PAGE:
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Negative Externalities

One example of the influence of human interconnectedness on economic dynamics is called “negative externalities.” This term describes the cost inflicted upon others by an action to which those affected have no connection. Thus, if a factory pollutes a nearby lake, killing the fish in that lake, it inflicts harm on the fishermen whose livelihoods depend on the fish in the lake. This is a negative externality.

The traditional solution involves supervision by authorities. Yet, overproduction and over- pollution abound despite the supervision and the mounting evidence that we are living in an interconnected and interdependent world. The methods that leaders and decision-makers are trying to apply to deal with the problems of our interconnected world are the same methods they have used for decades, when the world was far less interconnected.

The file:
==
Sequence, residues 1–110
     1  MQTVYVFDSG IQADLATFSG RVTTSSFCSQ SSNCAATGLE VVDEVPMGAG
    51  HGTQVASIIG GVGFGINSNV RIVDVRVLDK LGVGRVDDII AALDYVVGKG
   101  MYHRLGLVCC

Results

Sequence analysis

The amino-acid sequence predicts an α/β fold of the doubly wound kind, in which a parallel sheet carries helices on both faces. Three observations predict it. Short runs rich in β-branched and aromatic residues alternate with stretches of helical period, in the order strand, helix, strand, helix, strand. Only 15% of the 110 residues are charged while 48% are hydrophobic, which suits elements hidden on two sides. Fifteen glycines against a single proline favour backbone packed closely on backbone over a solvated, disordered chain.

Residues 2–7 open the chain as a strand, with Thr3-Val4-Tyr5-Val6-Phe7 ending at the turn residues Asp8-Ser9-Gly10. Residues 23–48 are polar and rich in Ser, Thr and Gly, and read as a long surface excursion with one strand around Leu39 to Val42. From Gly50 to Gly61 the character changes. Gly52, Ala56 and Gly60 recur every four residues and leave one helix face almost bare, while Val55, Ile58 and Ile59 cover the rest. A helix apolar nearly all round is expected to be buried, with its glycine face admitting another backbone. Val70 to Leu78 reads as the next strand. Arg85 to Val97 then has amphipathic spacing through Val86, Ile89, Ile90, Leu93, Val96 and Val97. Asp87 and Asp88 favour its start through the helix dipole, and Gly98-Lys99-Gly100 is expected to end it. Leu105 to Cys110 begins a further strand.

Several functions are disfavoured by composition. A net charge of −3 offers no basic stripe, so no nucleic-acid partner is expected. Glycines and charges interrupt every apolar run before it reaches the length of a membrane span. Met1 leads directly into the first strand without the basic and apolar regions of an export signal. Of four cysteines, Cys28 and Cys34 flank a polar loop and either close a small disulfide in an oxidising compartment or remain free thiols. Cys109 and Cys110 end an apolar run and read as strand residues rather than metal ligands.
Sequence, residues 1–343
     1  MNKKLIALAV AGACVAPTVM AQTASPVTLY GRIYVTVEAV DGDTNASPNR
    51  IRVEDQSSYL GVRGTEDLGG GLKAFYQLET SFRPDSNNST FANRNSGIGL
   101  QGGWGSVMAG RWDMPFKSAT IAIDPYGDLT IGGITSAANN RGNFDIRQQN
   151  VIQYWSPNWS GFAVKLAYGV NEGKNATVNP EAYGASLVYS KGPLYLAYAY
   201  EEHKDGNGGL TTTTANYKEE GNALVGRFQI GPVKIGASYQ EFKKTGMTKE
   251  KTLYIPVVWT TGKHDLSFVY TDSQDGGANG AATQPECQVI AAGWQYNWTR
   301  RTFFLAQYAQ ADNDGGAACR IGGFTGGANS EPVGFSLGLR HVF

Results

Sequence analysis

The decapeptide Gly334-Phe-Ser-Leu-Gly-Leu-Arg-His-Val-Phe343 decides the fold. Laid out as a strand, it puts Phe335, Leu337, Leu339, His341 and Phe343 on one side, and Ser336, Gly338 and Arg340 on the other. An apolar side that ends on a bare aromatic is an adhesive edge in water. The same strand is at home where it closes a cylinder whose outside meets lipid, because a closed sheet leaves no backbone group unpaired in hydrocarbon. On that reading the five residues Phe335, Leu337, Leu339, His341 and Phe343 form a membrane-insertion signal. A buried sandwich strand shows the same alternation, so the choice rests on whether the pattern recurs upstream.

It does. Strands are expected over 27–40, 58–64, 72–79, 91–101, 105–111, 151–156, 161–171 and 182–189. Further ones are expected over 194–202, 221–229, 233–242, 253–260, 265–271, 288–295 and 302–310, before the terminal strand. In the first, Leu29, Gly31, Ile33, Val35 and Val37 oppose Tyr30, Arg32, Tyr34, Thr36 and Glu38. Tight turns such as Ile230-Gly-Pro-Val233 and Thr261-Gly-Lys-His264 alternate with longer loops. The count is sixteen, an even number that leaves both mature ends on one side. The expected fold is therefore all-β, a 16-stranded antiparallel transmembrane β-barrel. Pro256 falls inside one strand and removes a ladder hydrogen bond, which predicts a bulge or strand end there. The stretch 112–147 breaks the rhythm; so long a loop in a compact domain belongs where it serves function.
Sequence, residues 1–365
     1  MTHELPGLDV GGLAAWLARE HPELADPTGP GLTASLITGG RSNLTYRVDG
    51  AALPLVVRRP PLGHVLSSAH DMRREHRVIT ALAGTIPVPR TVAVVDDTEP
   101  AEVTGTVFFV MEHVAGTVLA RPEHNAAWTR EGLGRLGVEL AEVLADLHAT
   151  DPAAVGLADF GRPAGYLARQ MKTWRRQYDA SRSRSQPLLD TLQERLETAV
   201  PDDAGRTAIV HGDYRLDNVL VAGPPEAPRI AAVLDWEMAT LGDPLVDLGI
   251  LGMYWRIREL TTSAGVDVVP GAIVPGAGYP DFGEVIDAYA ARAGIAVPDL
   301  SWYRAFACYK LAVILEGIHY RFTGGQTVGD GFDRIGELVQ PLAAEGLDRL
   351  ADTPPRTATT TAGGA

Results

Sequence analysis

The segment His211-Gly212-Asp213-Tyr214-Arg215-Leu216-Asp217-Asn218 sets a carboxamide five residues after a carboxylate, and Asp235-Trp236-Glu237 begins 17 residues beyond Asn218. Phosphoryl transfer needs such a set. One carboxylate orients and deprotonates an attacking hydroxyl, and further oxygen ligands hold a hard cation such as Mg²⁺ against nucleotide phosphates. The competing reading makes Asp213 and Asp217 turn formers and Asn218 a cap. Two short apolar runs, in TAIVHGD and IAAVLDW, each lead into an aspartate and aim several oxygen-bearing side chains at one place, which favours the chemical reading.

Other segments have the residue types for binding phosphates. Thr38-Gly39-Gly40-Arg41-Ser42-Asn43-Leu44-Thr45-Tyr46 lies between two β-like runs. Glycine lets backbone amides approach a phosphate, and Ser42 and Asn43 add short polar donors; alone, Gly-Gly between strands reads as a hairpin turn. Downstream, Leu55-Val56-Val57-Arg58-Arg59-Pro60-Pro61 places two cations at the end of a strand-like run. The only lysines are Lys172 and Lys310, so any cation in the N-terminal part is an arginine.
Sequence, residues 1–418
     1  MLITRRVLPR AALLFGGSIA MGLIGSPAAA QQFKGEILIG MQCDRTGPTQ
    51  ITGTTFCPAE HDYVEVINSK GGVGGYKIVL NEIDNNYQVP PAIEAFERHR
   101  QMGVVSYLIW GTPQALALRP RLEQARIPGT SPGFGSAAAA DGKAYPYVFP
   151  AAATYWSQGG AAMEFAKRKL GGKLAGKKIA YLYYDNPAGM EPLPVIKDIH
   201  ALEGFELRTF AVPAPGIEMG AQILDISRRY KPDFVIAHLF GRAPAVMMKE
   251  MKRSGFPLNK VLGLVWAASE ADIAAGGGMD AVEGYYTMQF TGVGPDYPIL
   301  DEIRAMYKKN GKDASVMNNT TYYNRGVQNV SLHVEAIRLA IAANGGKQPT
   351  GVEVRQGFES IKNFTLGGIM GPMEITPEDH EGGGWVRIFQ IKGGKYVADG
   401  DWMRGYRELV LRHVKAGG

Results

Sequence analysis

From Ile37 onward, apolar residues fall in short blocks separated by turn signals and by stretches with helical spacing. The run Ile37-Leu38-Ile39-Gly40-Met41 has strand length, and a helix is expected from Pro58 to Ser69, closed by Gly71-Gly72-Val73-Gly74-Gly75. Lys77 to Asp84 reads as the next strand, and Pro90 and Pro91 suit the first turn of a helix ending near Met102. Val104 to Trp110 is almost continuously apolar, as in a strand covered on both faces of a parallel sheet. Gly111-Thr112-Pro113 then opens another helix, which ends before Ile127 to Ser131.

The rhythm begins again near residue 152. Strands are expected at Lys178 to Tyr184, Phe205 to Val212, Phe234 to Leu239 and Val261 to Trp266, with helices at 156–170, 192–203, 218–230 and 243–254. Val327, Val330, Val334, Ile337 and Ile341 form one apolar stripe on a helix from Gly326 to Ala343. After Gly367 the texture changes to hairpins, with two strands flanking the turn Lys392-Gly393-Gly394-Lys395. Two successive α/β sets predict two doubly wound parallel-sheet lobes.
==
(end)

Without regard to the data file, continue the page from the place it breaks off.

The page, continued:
The question, then, is not whether decision-makers will have to revamp their approaches to solving the global crisis, but how much taxpayers will have to pay before they realize it and act on it.

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